The global smart home market is projected to grow almost five times to $192 billion in 2023, according to IHS Markit. With the penetration of these always-listening devices comes the risk of ever-rising power consumption and adverse impact on the carbon footprint. “A typical smart speaker runs at 2.9 watts when idle, which is close to the energy use in active mode, 3 watts,” Vesper said. “In a smart home equipped with 10 devices, remote controls, speakers, home assistants and TVs increase electricity consumption by 262kWh per year, which represents a 7.5-percent rise on worldwide average household energy usage.” 

Dimitrios Damianos
Dimitrios Damianos

Here is where Vesper has a card to play.  

Smart devices with traditional microphones require constant flow of electricity to stay in listening mode, which is a constant drain on their batteries. Instead, Vesper claims its piezoelectric MEMS microphones let battery-powered devices stay in wake-on-sound mode without draining the battery. Power consumption is reduced. Durability is improved. “Vesper’s ZPL technology offers a unique low-power consumption, inherent to the piezoelectric effect,” Damianos said. “It is ideal for low-power always-listening consumer applications, where the battery life is of paramount importance and can be greatly extended.”   

For instance, Crowley said, “voice-activated TV remote controls survive about 4 weeks with the traditional microphone technology. With our technology, it is over 6 months, and up to 12 months if the user doesn’t watch TV that much.” Compared to other listening systems, the ZPL technology can extend microphone’s battery life from 5 to 20 times.  

“The first generation of smart devices consumed a large amount of power even if they were plugged in,” Vesper’s CEO said. “It is changing as large companies such as Amazon recognize it is not sustainable to have all these products consuming power all the time.” The first wave of adoption was driven by battery-powered products, but many other devices can use the technology and have an impact on household energy consumption.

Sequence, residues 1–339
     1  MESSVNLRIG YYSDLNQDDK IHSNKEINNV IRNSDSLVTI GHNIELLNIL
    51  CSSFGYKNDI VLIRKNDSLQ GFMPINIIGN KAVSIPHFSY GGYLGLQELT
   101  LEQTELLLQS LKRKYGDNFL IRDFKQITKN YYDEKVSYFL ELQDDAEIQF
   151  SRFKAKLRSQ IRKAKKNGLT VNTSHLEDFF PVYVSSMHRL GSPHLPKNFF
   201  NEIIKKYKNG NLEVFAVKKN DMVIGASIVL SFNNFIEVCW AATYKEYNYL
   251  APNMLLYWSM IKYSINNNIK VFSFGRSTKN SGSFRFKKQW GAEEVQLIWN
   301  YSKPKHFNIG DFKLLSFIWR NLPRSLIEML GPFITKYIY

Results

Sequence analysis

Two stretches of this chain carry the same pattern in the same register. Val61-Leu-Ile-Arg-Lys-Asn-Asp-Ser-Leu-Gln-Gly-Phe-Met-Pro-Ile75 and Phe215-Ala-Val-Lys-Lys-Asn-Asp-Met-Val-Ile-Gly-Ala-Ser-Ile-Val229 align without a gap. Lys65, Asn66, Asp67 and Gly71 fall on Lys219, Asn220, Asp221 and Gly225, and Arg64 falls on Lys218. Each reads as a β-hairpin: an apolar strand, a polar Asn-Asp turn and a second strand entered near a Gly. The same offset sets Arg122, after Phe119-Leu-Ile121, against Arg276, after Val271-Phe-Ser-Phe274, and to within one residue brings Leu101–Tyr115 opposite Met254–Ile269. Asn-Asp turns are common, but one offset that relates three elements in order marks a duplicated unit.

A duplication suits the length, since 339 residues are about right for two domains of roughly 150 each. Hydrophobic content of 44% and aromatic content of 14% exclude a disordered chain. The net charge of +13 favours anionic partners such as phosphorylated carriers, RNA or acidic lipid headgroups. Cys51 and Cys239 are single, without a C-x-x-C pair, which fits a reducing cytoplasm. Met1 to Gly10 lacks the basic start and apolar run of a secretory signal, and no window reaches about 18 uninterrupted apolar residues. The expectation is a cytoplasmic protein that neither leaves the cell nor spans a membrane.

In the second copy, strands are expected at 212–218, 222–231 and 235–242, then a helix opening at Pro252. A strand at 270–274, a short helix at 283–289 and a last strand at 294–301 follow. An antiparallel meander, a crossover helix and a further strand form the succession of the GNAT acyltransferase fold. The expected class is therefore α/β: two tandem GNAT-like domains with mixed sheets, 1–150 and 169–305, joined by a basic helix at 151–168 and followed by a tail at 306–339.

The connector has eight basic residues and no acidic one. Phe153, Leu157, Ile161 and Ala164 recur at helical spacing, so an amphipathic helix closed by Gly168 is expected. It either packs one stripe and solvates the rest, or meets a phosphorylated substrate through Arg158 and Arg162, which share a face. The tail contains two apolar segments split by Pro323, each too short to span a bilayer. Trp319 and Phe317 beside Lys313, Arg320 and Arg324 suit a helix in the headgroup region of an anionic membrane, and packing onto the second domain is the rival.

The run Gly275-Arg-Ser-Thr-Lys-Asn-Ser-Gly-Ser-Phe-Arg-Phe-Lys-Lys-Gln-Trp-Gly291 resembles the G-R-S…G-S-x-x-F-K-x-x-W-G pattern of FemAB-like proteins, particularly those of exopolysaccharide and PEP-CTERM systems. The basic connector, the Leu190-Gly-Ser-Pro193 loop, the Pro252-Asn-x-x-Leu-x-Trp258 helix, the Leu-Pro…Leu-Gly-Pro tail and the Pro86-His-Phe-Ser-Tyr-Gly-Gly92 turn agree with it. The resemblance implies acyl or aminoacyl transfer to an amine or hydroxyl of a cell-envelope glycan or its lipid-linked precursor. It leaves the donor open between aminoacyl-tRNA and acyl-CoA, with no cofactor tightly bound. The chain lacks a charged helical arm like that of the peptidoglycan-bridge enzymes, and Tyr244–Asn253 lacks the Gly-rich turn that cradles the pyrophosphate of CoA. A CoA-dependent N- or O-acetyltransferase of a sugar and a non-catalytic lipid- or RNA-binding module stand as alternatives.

Manufacturing at scale 
“Even with a proper and superior technology, a killer application is needed,” Damianos reminded. “This was the case with Knowles in 2003. It took off by incorporating the MEMS microphones in Motorola Razr phones, which were sold in millions.” At the time, Knowles offered killer functionality by reducing microphone thickness and size. “Moreover, the capability of manufacturing and selling to one single client quantities in the order of one million units is very important for success.” 

“2019 is the first year of very high volumes,” Crowley claimed. “Our ZPL products have gotten good adoption, and volumes have grown from less than a million in 2018 to more than 10 million this year. It has been adopted by large customers such as Samsung, Amazon and Bose.” Anticipating the manufacturing demand, Vesper partnered with tier-one manufacturers GlobalFoundries and TSMC, as well as assembly and test services provider Unisem. 

The ZPL technology is not the only microphone technology Vesper offers. “It’s the customer’s choice to adopt it.” Today, over half of the customers use it, and “there are still a lot of adoptions for us to work on. We want to continue to tell people about this technology and explain its benefits.” Last year, “was about proving we could ship our technology in high volumes, which has always been difficult for MEMS. Next year will be about growing and expanding our product line with improved products.”